Revisiting cannabinoid receptor 2 expression and function in murine retina.
Author: Borowska-Fielding, Joanna; Murataeva, Natalia; Smith, Ben; Szczesniak, Anna-Maria; Leishmann, Emma; Daily, Laura; Toguri, Tom; Hillard, Cecelia; Romero, Julián; Bradshaw, Heather; Kelly, Melanie; Straiker, Alex
Abstract: The cannabinoid receptor CB2 plays a significant role in the regulation of immune function whereas neuronal expression remains a subject of contention. Multiple studies have described CB2 in retina and a recent study showed that CB2 deletion altered retinal visual processing. We revisited CB2 expression using immunohistochemistry and a recently developed CB2-eGFP reporter mouse. We examined the consequence of acute vs. prolonged CB2 deactivation on the electroretinogram (ERG) responses. We also examined lipidomics in CB2 knockout mice and potential changes in microglia using Scholl analysis. Consistent with a published report, in CB2 receptor knockout mice see an increased ERG scotopic a-wave, as well as stronger responses in dark adapted cone-driven ON bipolar cells and, to a lesser extent cone-driven ON bipolar cells early in light adaptation. Significantly, however, acute block with CB2 antagonist, AM630, did not mimic the results observed in the CB2 knockout mice whereas chronic (7 days) block did. Immunohistochemical studies show no CB2 in retina under non-pathological conditions, even with published antibodies. Retinal CB2–eGFP reporter signal is minimal under baseline conditions but upregulated by intraocular injection of either LPS or carrageenan. CB2 knockout mice see modest declines in a broad spectrum of cannabinoid-related lipids. The numbers and morphology of microglia were unaltered. In summary minimal CB2 expression is seen in healthy retina. CB2 appears to be upregulated under pathological conditions. Previously reported functional consequences of CB2 deletion are an adaptive response to prolonged blockade of these receptors. CB2 therefore impacts retinal signaling but perhaps in an indirect, potentially extra-ocular fashion.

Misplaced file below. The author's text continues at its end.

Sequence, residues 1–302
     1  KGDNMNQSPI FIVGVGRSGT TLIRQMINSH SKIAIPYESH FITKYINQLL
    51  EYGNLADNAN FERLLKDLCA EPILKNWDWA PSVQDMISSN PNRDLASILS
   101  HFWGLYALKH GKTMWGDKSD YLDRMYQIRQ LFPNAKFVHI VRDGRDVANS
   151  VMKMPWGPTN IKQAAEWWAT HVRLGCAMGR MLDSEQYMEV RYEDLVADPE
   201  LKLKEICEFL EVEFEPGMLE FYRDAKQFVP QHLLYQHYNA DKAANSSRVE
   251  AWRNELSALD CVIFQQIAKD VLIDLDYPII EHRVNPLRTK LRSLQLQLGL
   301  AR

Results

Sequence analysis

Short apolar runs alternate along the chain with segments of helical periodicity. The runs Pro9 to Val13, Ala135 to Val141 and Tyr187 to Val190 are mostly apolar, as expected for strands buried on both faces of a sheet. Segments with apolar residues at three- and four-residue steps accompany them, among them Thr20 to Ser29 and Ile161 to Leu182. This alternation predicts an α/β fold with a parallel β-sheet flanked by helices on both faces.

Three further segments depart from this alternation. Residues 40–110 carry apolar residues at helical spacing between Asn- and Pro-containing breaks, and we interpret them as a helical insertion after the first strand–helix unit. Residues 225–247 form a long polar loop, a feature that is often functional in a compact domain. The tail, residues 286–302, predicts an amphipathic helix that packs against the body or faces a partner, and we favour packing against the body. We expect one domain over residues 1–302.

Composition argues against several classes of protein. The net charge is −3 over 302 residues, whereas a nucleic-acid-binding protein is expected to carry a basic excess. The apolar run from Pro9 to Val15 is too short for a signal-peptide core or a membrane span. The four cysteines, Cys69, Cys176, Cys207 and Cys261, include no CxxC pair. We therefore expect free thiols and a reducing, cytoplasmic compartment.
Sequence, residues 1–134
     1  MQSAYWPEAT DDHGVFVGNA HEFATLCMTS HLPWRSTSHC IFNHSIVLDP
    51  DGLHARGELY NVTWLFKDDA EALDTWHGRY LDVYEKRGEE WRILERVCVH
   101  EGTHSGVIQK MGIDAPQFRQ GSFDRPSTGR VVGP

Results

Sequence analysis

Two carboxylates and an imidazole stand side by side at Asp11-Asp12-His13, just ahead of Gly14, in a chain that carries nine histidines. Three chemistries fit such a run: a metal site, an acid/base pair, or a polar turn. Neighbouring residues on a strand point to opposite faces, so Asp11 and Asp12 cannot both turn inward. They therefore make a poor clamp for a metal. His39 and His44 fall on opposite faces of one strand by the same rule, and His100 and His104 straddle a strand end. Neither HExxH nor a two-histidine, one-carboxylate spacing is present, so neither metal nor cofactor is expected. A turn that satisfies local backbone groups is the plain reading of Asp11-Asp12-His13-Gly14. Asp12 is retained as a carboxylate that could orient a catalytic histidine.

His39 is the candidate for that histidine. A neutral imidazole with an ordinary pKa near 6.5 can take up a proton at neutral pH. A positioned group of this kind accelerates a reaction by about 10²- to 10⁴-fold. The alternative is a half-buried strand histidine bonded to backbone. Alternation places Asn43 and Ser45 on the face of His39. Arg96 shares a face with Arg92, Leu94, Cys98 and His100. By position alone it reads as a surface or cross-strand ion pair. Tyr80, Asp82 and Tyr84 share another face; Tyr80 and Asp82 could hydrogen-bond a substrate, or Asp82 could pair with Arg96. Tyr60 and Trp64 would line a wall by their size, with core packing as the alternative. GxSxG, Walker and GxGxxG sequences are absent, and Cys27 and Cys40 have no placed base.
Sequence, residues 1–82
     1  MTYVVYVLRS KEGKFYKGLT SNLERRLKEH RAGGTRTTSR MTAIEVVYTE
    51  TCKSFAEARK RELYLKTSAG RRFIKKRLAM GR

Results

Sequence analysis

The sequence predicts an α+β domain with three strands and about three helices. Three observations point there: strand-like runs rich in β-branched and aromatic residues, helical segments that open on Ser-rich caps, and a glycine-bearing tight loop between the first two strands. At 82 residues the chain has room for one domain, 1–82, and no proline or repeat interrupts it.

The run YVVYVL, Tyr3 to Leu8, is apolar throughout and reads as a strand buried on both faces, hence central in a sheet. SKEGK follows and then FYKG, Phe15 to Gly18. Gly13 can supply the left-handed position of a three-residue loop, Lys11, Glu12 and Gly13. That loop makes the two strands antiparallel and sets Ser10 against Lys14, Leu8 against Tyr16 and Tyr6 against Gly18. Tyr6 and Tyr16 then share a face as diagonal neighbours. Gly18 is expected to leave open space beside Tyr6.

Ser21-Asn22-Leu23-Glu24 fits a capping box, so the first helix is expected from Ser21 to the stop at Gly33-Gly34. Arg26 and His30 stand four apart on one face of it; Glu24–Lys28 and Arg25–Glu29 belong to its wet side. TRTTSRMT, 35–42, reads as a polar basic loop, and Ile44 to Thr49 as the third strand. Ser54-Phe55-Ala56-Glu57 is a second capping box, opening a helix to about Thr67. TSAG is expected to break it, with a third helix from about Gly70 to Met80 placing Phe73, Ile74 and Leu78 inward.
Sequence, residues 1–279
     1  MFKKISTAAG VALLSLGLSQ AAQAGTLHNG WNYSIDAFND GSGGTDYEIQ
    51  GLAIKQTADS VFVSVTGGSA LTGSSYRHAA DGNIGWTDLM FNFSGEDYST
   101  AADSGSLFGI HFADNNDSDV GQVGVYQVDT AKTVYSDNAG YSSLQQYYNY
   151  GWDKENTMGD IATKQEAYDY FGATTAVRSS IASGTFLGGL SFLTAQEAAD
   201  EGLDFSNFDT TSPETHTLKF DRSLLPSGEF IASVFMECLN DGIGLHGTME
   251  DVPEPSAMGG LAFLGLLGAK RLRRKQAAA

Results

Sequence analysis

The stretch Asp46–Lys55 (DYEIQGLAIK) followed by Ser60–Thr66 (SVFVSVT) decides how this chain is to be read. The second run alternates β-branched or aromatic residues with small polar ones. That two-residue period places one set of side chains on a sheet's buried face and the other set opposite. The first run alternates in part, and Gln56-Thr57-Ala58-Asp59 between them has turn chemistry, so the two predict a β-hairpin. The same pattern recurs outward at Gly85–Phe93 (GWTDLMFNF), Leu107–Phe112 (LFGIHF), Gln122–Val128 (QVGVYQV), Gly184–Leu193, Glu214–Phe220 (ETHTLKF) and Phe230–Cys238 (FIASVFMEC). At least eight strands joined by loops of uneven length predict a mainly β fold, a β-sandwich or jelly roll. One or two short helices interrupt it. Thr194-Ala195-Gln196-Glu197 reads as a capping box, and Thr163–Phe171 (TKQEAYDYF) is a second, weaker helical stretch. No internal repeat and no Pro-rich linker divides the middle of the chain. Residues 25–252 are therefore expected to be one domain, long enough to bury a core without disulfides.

- FARMACIA